Nearly half (47%) of US households are home to at least one dog. Savvy business owners across the country are cashing in on our puppy love by welcoming dogs to their establishments and offering little extras like complimentary treats or special menu items. But the eatery owners of Ohio are currently unable to benefit from the canine crowds. State law bans dogs from restaurants, bars and coffee shops – even on the patios.
Two local lawmakers have recently proposed bills that would allow individual establishments to decide whether or not to welcome furry friends – in their outdoor areas only, of course.
State Senator Bill Coley says Senate Bill 182 is about taking power out of the hands of bureaucrats and giving it back to small business owners and citizens.
“You know, a lot of people in the community here have dogs,” Coley told WTOL. “And they get home from a hard day’s work and, yeah, they want to go meet their friends over at Land-Grant and have a beer and have something to eat and just have a nice relaxing day, but their dog has been home alone all day. And they want to see their dog, too.”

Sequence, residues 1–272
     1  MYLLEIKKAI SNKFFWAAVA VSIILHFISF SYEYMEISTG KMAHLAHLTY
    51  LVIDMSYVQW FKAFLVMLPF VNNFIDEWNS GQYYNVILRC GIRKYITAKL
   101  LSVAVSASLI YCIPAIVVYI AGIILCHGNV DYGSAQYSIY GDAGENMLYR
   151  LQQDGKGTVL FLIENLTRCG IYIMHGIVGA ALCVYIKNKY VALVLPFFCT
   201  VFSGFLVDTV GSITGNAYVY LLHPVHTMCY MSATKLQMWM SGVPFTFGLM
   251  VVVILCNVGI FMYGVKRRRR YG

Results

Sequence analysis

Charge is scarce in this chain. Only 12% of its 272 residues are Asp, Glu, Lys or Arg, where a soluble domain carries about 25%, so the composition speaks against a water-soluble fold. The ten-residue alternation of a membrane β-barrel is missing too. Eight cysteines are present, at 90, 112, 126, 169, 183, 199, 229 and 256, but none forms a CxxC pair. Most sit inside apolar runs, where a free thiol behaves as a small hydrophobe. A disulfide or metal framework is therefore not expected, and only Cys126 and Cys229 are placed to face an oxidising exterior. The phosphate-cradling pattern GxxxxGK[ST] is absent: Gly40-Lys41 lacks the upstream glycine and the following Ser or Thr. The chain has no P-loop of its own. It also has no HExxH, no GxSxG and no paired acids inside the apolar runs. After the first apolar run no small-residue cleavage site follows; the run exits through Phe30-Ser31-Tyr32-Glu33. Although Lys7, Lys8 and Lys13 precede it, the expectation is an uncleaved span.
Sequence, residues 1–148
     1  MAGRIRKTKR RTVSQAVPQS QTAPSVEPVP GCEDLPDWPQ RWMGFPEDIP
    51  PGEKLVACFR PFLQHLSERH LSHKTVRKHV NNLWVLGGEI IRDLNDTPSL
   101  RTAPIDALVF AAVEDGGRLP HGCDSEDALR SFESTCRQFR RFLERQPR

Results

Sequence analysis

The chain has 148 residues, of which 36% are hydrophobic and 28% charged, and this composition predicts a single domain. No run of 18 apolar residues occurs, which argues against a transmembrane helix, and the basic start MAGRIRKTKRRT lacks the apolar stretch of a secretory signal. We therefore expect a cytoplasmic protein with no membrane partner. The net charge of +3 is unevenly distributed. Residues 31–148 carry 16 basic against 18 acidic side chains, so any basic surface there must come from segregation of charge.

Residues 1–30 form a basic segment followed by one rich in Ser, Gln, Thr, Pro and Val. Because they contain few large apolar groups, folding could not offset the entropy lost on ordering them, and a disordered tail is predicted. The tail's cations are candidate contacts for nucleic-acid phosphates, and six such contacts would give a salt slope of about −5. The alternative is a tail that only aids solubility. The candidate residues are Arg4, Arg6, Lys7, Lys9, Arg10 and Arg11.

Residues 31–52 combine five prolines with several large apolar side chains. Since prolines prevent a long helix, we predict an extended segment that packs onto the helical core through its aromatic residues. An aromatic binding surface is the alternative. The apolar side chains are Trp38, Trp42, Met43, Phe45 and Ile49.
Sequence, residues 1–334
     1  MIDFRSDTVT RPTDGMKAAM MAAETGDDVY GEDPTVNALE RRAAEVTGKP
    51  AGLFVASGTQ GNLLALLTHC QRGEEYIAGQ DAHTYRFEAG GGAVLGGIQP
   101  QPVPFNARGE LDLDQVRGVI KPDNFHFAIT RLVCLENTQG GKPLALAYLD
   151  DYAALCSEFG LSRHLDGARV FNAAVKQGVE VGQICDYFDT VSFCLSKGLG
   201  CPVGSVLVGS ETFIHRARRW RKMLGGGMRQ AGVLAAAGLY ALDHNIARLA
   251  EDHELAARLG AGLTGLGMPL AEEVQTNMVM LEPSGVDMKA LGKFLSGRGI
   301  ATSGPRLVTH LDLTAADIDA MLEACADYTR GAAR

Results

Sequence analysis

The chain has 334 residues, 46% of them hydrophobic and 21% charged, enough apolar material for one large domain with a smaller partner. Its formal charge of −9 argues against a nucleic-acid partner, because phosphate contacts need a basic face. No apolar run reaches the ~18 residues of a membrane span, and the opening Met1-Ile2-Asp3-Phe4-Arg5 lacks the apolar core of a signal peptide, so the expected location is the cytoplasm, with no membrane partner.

House Bill 263 was proposed in June when Representative Laura Lanese learned that area business owners were unknowingly breaking the law – and sometimes facing the wrath of health officials – by allowing their patrons to drink and dine with their dogs.
“This legislation gives businesses the freedom to decide for themselves whether or not to allow dogs on their patios,” Lanese said. “It is also a recognition of the importance of animals in our lives. We already have pet-friendly hotels, pet-friendly parks, and pet-friendly events. It’s a good opportunity for marketing our state as pet-friendly for tourism purposes as many travelers want to bring their pets along with them while they travel.”
H/T to WTOL.com
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